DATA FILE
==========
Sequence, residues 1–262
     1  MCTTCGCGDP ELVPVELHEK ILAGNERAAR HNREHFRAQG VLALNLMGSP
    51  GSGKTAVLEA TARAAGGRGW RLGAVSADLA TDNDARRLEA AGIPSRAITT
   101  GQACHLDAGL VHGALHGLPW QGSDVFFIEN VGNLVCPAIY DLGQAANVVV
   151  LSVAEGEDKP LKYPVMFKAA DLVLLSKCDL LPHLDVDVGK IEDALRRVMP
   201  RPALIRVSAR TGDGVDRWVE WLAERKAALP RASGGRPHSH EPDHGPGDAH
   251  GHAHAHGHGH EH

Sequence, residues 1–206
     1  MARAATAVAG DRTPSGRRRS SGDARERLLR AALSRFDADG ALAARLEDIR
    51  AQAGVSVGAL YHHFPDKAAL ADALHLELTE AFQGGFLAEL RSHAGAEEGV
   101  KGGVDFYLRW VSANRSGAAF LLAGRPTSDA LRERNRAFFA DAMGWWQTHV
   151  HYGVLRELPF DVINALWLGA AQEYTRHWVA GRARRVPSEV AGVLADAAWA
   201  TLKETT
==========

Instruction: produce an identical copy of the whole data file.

Sequence, residues 1–262
     1  MCTTCGCGDP ELVPVELHEK ILAGNERAAR HNREHFRAQG VLALNLMGSP
    51  GSGKTAVLEA TARAAGGRGW RLGAVSADLA TDNDARRLEA AGIPSRAITT
   101  GQACHLDAGL VHGALHGLPW QGSDVFFIEN VGNLVCPAIY DLGQAANVVV
   151  LSVAEGEDKP LKYPVMFKAA DLVLLSKCDL LPHLDVDVGK IEDALRRVMP
   201  RPALIRVSAR TGDGVDRWVE WLAERKAALP RASGGRPHSH EPDHGPGDAH
   251  GHAHAHGHGH EH

Sequence, residues 1–206
     1  MARAATAVAG DRTPSGRRRS SGDARERLLR AALSRFDADG ALAARLEDIR
    51  AQAGVSVGAL YHHFPDKAAL ADALHLELTE AFQGGFLAEL RSHAGAEEGV
   101  KGGVDFYLRW VSANRSGAAF LLAGRPTSDA LRERNRAFFA DAMGWWQTHV
   151  HYGVLRELPF DVINALWLGA AQEYTRHWVA GRARRVPSEV AGVLADAAWA
   201  TLKETT